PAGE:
Evelyn Jean Pine – USA
Evelyn Jean Pine writes plays about the moment when you feel your life is brand new -- whether it is or not.
Representative Play Titles: The Secrets of the World, First, Astonishment, Walking the Starry Path
Sharon Studer – UK
Particular interest is serious drama; have had semi-staged reading of a 10 minute play and a professional production of a full length play.
Upcoming Annual Meeting
ICWP is a very special group. It is an international organization that exists only on-line and is staffed almost exclusively by volunteers. I hope you participate in the Annual Meeting which which takes place online in March. All members will receive an email about how to participate.
50/50 Applause Award
ICWP is gearing up for the next 50/50 Award which is now in its fifth year and is becoming one of our signature initiatives.
Articles of Interest
by Patricia Morin
More and more magazines and literary journals, as well as theatres, are asking for fees. I've been following this, not only with my mystery writing organizations, but now with playwrights.
JUST SAY NO PAYING FOR SUBMISSIONS
“Why Writers are Paying to get Published”
The Atlantic Magazine
Note from Patricia: Since all writers, no matter what their genre are being met with the same problems, I have added playwrights in parenthesis. The article does not do this.
It’s fall, the time of year when literary journals open their doors for new submissions. Around the country, writers are polishing poems, short stories, and essays (and plays) in hopes of getting published in those small-but-competitive journals devoted to good writing (and theatres devoted to good plays). Though I’ve published short stories in the past, I’m not submitting any this year, and if things continue the way they have been, I may stop writing them altogether. The reason, in a nutshell, is reading fees—also called submission or service fees—which many literary journals (and now theatres) charge those who want to be considered for publication. Writers pay a fee that usually ranges from $2 to $5—but sometimes goes as high as $25—and in return, the journal will either (most likely) reject or accept their submission and publish it. Even in the lucky case that a piece is published (produced), most journals don’t pay writers (including playwrights) for their work, making it a net loss either way.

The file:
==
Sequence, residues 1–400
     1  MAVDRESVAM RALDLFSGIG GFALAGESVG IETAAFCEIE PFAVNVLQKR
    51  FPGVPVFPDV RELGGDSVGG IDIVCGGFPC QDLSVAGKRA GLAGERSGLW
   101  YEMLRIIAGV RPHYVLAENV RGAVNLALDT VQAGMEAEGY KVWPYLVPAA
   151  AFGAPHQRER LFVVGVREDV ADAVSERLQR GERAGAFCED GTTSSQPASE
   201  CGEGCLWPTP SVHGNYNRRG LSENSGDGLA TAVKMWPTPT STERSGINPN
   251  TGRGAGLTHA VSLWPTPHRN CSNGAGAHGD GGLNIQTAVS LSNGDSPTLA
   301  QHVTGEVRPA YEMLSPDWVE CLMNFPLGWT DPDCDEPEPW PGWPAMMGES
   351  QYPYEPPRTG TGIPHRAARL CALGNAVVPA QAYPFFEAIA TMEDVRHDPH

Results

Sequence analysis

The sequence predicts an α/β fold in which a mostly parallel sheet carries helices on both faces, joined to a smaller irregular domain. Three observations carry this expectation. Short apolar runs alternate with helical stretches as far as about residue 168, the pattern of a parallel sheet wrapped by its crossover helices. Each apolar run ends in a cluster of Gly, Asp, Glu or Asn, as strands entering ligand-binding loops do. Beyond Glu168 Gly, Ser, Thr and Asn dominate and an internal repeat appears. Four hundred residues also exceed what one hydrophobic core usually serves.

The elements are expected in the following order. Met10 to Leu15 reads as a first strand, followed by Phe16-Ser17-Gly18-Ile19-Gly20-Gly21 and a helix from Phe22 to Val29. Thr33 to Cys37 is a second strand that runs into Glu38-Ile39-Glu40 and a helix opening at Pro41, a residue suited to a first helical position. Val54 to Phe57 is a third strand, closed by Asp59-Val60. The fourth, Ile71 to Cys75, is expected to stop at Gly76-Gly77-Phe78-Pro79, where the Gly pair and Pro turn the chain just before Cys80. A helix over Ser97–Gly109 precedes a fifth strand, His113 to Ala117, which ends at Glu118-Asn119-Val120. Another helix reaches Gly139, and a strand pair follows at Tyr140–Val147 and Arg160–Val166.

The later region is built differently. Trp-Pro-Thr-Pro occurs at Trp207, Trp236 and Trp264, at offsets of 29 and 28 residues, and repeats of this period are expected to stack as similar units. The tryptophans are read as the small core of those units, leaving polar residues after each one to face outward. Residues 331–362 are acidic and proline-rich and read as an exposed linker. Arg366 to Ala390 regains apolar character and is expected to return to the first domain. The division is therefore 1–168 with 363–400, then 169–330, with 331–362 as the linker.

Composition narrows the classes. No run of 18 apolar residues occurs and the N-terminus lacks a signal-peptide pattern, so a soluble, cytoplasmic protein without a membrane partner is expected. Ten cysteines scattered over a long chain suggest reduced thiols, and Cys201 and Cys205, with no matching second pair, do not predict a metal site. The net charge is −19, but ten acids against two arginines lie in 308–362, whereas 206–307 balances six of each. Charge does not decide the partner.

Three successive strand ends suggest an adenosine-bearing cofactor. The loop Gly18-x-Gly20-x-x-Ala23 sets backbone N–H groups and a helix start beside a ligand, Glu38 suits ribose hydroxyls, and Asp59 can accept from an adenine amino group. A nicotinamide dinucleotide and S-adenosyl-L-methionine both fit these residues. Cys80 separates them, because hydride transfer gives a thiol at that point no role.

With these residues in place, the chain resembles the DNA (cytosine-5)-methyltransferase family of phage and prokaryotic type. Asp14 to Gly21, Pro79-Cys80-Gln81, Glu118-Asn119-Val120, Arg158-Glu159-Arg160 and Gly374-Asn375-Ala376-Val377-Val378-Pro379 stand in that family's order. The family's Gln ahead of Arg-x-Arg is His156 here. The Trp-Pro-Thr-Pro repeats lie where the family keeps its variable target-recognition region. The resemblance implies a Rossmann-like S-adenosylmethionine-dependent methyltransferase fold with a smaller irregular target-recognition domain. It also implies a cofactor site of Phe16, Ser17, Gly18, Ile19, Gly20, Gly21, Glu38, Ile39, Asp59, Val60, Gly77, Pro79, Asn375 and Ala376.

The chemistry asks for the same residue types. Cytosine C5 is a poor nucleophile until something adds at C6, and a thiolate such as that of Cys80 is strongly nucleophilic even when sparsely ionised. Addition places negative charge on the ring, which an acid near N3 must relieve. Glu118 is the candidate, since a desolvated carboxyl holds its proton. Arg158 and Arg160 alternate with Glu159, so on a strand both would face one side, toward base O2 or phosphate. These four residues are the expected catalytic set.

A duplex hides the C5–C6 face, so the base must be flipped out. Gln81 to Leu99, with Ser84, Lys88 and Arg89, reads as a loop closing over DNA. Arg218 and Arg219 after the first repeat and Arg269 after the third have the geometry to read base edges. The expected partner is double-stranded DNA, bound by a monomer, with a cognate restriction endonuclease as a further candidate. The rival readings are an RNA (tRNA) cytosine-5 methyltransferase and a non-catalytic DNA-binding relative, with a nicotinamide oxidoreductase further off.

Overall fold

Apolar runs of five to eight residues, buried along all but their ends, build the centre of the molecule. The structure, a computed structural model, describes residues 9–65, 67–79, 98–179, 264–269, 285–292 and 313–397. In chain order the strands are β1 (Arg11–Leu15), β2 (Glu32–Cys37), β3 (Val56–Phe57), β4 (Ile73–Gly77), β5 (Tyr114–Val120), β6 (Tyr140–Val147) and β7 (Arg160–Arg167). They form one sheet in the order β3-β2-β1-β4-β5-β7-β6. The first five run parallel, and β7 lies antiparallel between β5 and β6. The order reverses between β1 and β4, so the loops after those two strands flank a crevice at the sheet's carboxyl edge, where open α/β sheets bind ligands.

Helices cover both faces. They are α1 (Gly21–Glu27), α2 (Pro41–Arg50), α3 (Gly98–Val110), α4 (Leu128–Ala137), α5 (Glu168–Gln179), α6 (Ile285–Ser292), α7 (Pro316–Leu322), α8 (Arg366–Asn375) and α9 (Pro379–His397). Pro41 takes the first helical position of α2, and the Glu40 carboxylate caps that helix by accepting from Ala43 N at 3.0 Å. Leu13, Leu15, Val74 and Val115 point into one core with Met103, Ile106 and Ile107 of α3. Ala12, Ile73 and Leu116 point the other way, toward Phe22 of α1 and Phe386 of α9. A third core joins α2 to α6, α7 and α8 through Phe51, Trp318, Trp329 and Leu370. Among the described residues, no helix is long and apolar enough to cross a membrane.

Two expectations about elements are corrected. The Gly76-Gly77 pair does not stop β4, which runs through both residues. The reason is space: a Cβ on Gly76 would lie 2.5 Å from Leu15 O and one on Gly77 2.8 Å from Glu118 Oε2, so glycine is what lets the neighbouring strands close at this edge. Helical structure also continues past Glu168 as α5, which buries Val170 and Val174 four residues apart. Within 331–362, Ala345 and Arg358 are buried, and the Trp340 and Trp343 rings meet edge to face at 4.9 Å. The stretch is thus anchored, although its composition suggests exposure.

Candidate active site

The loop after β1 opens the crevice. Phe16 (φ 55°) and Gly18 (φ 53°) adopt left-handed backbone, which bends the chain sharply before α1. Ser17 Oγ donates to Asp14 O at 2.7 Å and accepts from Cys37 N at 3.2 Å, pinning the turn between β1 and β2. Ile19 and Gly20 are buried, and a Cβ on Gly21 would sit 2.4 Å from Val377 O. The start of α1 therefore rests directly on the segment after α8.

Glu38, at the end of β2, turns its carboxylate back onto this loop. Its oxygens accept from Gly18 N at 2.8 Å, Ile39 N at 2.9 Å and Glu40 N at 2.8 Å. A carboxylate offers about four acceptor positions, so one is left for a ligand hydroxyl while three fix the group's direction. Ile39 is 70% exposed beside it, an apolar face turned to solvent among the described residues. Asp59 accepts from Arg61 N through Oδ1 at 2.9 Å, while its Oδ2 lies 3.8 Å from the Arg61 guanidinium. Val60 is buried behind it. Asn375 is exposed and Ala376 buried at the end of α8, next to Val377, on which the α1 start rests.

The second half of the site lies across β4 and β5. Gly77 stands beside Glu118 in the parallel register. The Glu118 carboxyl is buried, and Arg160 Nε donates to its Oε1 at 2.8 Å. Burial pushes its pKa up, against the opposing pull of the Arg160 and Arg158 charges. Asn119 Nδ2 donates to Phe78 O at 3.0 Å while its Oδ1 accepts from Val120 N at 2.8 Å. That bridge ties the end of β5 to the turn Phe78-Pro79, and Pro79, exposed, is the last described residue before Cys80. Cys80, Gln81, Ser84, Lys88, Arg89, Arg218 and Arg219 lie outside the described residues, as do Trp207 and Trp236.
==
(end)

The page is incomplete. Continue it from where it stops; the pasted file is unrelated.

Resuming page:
AUTHORS CALL TO ACTION
Authors call for boycott on non-paying festivals
Published January 15, 2016
Prominent writers including Linda Grant, Denise Mina, Joanne Harris and Francesca Simon have responded to Philip Pullman's protest over the Oxford Literary Festival's failure to pay author fees by joining a call for publishers and fellow authors to boycott events with the same policy.
Pullman, who is president of the Society of Authors, has stepped down from his role as patron of the festival, saying it is a case of "simple justice" that authors should be paid for their appearances.
Now novelist and critic Amanda Craig has written an open letter to The Bookseller calling for all authors and publishers to boycott literary festivals that expect authors to work without a fee. "For too long, authors have been persuaded to give our services to the public for free - even though the public is paying in good faith to see us," she wrote. "We are the only people in festivals who are not paid, and yet without us the festivals could not exist. Writing is a vocation but it is also a profession, and it is time we all stiffened our spines, dug in our heels and said No."
Craig's letter has attracted immediate support from many other authors, with Linda Grant, Louisa Young, Denise Mina, Francis Wheen, Joanne Harris and Francesca Simon among those who have put their names to it. (Full letter below)
The fact that many literary festivals do not remunerate authors for appearances has been a long-running grievance among writers, with the Society of Authors currently campaigning on the issue and "working with them [festivals] to agree reasonable fees and best practice guidelines", as chief executive Nicola Solomon told The Bookseller earlier this month.
Novelist Robert Harris yesterday tweeted a response to Pullman's comments on his resignation, saying "So true! A few (insane) punters paid £50 for a front-row seat at my last event. I was given a mug, appropriately."
If you're a writer and want to add your signature to the petition, leave a comment on this piece.
Letter to The Bookseller:
Further to Philip Pullman's resignation from the Oxford Literary Festival, we would like to call for all authors and publishers to boycott literary festivals that expect authors to work for free. For too long, authors have been persuaded to give our services to the public for free - even though the public is paying in good faith to see us. We are the only people in festivals who are not paid, and yet without us the festivals could not exist. Writing is a vocation but it is also a profession, and it is time we all stiffened our spines, dug in our heels, and said No.
Should you wish to protest personally, to a theatre or contest asking for submission fees, a similar letter template used by ICWP members, written by Carolyn Gage regarding playwrights is available to download at the foot of the Members Area of the website.
Yours for innovative, engaging, and equitable theater,